Use of Structural Steel in Bridges.

Introduction
Use of structural steel in bridges exploits its advantageous properties of economically carrying heavy loads over long spans with the minimum dead weight. Steel is however suitable for all span ranges, categorized in Table 4.1.

Span ranges of bridges

For long spans steel has been the natural solution since 1890 when the Firth of  Forth cantilever railway bridge, the world’s first major steel bridge, was completed.

For short and medium spans concrete bridges held a monopoly from 1950 to 1980 because of the introduction of prestressing and precasting. Developments in steel during this period such as higher tensile strength and improved welding techniques were applied mainly to long spans.However, improvements in construction methods from 1980 have enabled steel to improve its market share within Europe and other continents to more than 50% for short and medium spans. Contributing factors to this trend are shown in Table 4.2.

Factors contributing to the improved market share for steel in short and medium spans from 1980
Table 4.2 Factors contributing to the improved market share for steel in short and medium spans
from 1980

Where traffic disruption during construction must be minimized then steel is always suitable. Most bridgework is now carried out under these  conditions so  that structural steel will continue as a primary choice. Steel has an advantage where speed of construction is vital; it is no coincidence that this usually results in cost economies. If rapidly erected steelwork is used as a skeleton from which the slab and finishes can be carried out without need for falsework then  the advantages (summarized in Table 4.3) are fully realized.

Advantages of steel bridges
Table 4.3 Advantages of steel bridges

For short and medium span highway bridges composite deck construction is economic because the slab contributes to the capacity of the primary members.

For continuous spans it uses the attributes of steel and concrete to best advantage. In cases where construction depth is restricted, for example in developed areas, then half-through or through construction is convenient; this is common for railway and pedestrian bridges.

For long spans, including suspension or cable-stayed bridges, all-steel orthotropic plate floors are used. Although the intrinsic costs of a steel orthotropic plate are higher (often up to about four times more) than an equivalent concrete slab, the advantage in dead weight reduction (approximately 1 : 3 ratio) may more than offset this when the overall economy is considered. Steel decks are also employed when erection must be completed in limited occupations, such as for railway bridges on existing routes. Movable bridges of swing, lift, rolling-lift (‘bascule’) or retractable type usually employ steel floors to rationalize the amount of counterweighting and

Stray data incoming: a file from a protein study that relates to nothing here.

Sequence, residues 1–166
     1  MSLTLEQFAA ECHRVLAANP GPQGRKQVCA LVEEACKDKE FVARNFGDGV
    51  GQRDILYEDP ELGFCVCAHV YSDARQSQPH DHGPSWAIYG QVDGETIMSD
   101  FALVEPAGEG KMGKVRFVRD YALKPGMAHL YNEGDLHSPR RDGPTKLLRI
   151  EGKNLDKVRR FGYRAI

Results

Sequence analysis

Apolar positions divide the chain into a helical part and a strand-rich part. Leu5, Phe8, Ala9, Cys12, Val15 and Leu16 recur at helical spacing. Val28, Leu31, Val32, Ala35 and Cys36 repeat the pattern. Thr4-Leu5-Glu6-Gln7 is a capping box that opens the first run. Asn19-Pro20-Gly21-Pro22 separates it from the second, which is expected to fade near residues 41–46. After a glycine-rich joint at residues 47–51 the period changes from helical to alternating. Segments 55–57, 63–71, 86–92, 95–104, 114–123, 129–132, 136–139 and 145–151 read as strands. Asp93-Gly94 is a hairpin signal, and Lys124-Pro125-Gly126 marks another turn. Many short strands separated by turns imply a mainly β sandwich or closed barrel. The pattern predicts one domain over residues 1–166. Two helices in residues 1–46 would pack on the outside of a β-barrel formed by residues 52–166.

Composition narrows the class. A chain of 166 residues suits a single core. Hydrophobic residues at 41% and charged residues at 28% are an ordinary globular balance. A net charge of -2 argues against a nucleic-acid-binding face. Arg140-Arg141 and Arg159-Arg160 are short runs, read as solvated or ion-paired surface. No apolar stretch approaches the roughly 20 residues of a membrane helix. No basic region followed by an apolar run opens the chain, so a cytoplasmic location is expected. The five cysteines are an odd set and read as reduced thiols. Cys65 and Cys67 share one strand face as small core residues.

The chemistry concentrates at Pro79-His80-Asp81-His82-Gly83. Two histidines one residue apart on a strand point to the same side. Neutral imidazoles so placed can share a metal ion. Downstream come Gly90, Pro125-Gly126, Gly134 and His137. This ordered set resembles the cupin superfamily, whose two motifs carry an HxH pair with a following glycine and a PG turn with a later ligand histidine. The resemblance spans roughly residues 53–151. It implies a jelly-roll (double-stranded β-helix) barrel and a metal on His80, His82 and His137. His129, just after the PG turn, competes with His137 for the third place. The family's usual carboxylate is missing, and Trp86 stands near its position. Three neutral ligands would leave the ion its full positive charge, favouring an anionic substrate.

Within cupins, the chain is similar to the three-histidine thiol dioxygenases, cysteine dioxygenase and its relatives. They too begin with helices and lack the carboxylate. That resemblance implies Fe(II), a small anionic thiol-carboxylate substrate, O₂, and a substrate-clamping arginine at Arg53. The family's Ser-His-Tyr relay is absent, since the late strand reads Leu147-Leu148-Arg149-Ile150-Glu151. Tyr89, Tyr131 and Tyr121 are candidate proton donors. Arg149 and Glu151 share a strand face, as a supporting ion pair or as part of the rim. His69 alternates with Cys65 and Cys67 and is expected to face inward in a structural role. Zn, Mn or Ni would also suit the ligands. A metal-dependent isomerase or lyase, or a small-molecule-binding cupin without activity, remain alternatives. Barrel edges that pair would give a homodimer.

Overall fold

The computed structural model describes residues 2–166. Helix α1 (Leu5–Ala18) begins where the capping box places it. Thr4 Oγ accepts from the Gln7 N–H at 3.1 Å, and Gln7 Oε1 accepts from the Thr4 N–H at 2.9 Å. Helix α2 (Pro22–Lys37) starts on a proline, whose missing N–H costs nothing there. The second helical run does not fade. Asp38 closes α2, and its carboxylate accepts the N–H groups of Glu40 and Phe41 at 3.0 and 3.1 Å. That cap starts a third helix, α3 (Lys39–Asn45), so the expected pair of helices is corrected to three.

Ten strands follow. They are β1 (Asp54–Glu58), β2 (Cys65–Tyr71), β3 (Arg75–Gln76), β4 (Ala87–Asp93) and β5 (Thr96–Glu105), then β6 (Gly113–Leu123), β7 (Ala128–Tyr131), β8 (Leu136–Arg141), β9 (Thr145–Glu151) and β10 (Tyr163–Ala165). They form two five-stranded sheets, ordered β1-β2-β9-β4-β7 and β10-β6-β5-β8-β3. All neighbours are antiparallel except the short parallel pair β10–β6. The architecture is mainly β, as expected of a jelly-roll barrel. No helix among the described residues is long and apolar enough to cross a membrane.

the mechanical equipment.Costs of this equipment usually exceed that of the bridge superstructure. For long spans of suspension or cabled-stayed form then special  considerations affect the design including aerodynamic behaviour, the feasibility  of deep foundations in estuarial conditions, cables with anchorages, non-linear structural behaviour and the absolute necessity to include the effects of the erection procedure in the design process.

This chapter on bridges gives emphasis to initial design, an important stage of the  process, because the basic decisions as to member proportions, spacings and splice positions vitally affect economy of the structure. It is essential that the detailed analysis is based upon optimized sizes which are as accurate as possible. If this is
not achieved then the detailed design will be inefficient because time consuming repetitive work will have been expended, adversely affecting the economy of the design and the construction costs.Guidance is given on the initial design of highway bridges using composite deck construction, which is a significant proportion of the number of steel bridges built, although since 1990 a significant number of railway bridges have been constructed for new-build schemes such as the Channel Tunnel

Rail Link and in replacement of life expired structures.

Steel is particularly suitable for the strengthening and repair of existing bridges arising from increases in highway traffic loadings and the incidence of accidental impact damage from road vehicles. Steel is suitable for such work using welded or bolted strengthening.

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